Jon Rose's fence project, now more than a decade underway, has proven to be one of the richest sources of inspiration in a long career of not just playing but re-conceptualizing the violin. Starting with his 1997 album The Fence, which had him bowing on fences on contested national borders (augmented with news reports from the regions), the fence work has been a new angle for him, founded more in being resourceful than fanciful.
The project has also brought him together with one of the most kindred collaborators: fellow violinist Hollis Taylor, an American apparently willing to accompany him on his doggedly determined treks. The pair released the unexpectedly beautiful Great Fences of Australia in 2002, and now follow it up with a further exploration of the sound properties of fences in the book and DVD set Post Impressions.
The concept is as simple as the sound is surprising: put a microphone up to a fencepost, then bow and rattle its wires. In Australia, where government fences are erected to control the population of scavenging dingoes, that can mean an instrument stretching more than 3,000 miles (or, as Taylor notes, twice the length of the Great Wall of China). Her book (which includes occasional comments from Rose and transcribed interviews from the Outback) amounts to a travel guide for a trip no one in their right mind would make. The journey is a lonely one - much of Australia is barren desert, and their path is lined with insect infestations and kangaroo corpses - and Taylor is a lively enough writer to make the journey come alive on paper:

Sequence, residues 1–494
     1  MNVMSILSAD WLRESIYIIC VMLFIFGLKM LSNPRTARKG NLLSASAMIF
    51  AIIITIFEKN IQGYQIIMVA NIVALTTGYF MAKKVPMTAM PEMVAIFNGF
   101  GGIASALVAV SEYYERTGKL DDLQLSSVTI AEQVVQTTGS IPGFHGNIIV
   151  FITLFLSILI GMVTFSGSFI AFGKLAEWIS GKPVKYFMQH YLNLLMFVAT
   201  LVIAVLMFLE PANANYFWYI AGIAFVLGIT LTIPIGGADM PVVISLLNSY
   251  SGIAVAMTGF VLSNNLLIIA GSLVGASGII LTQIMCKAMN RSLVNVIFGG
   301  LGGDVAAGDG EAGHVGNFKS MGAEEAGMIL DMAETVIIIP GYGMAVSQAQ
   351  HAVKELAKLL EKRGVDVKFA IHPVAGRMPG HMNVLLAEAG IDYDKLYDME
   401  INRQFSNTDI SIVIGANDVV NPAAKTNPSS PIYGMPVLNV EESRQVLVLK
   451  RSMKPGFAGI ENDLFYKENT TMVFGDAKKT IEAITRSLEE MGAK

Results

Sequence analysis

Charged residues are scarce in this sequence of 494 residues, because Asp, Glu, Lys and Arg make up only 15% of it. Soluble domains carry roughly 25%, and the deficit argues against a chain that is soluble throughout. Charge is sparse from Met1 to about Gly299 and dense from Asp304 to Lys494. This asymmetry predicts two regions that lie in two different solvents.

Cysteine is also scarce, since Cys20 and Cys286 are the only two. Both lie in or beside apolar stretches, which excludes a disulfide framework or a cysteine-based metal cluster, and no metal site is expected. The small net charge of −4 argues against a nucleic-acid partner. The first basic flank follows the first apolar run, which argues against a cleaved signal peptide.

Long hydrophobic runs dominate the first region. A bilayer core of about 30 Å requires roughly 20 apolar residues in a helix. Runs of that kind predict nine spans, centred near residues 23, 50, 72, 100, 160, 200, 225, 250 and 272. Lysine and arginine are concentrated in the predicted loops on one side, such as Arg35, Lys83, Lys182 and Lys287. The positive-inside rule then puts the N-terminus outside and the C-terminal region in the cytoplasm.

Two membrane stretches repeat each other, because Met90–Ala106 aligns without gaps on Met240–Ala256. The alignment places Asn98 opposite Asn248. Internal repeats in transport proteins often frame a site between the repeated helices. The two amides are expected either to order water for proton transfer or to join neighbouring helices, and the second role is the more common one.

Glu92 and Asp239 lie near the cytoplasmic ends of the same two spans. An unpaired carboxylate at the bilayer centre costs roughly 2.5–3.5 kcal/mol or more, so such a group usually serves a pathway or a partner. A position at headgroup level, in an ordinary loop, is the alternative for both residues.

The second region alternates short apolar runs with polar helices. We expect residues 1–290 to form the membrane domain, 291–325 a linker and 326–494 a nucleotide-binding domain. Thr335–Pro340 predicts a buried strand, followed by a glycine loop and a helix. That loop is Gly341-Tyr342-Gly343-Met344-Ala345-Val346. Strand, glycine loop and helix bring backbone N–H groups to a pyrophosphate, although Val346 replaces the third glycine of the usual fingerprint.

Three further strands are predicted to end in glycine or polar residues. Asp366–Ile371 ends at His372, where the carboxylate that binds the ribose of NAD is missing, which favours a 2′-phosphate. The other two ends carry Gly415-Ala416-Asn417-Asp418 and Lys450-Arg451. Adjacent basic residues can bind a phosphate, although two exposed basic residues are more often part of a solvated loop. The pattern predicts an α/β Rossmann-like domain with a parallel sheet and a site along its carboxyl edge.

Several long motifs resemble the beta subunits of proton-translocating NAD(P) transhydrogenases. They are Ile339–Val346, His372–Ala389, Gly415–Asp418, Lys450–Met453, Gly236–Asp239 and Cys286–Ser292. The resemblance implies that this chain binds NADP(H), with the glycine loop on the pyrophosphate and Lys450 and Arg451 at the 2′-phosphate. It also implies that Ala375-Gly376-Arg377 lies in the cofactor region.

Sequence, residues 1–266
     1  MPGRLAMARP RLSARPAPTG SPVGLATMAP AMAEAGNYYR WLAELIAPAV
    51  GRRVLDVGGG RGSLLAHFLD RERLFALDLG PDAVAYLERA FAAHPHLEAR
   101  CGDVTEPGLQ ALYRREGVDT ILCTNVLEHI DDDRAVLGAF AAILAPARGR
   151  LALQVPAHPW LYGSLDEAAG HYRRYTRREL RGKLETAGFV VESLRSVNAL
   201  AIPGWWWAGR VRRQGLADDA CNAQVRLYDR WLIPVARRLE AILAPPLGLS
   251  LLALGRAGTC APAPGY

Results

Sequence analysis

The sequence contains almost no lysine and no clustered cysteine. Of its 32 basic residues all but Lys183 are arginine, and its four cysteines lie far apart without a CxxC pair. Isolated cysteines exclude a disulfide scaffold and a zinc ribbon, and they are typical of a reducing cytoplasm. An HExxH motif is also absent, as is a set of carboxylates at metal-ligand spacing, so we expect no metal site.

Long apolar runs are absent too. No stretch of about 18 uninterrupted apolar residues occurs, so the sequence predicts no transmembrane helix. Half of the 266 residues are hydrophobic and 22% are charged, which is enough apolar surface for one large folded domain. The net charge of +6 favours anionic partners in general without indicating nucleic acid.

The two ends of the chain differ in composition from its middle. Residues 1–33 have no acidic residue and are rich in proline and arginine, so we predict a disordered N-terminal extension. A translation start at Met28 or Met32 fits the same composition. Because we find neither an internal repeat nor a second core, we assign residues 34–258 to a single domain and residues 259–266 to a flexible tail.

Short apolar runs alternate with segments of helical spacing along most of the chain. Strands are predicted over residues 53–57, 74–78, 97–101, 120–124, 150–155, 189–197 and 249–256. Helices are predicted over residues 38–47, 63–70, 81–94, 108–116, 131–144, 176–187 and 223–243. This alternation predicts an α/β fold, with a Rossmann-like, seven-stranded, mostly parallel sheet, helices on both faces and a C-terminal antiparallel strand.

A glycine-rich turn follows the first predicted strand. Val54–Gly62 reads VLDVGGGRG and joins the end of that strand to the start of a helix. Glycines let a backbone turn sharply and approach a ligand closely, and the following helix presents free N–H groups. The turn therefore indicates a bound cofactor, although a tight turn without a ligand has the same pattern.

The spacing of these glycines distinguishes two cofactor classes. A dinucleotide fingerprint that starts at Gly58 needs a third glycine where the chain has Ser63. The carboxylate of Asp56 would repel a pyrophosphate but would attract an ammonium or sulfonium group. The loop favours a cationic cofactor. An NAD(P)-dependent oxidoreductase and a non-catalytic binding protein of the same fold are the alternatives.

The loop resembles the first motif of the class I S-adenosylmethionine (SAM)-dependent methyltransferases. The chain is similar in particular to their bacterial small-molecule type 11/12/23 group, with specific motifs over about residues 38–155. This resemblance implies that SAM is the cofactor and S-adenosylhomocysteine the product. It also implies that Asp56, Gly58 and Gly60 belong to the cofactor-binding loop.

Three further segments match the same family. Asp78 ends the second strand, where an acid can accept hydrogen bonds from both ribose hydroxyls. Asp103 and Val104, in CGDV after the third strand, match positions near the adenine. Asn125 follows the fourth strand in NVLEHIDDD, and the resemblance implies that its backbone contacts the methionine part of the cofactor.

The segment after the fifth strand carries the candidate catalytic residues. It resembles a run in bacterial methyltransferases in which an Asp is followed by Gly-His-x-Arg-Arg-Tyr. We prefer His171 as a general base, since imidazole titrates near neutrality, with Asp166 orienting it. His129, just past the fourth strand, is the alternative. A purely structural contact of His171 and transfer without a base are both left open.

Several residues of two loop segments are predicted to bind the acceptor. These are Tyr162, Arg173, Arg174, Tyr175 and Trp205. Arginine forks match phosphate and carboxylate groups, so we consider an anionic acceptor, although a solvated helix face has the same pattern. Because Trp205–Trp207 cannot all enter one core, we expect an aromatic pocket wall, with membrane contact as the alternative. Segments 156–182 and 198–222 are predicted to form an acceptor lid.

Like some wildlife, artists are edge-dwellers. They work on the fringe, the brink, and beyond, refusing to take boundaries at their fixed and unbreachable word, extravagantly wandering off paths and overstepping orderly lines. But stretching, crossing, or breaking barriers is one thing as metaphor and quite another when you're poking about the land, physically experiencing the fence as stranger, outsider, and potential troublemaker. A fence serves as a moral boundary post; forgive us our trespasses. When people approach us, we have mere seconds to decide whether to puff up or apologize.
It's a good read, full of easily digested meditations on music making, sounds of the natural world, and the psychological implications of territorial thought. But it's the promise of the DVD that will be the inroad for most. And where Great Fences of Australia was a mesmerizing, mystifying piece of audio artistry, the DVD strips that down to its component parts: short tracks (40 of them in just under two hours) generally showing two or three audio possibilities per locale. Despite being made with a single handheld camera while touring in a campervan, the footage is diverse, interesting and well edited. But it feels supplemental to Great Fences. In a previous Squid's Ear review, I called that record a Discovery Channel story. I was wrong. This is the documentary package, Great Fences is the fruit of their toils.
243 pgs, with DVD
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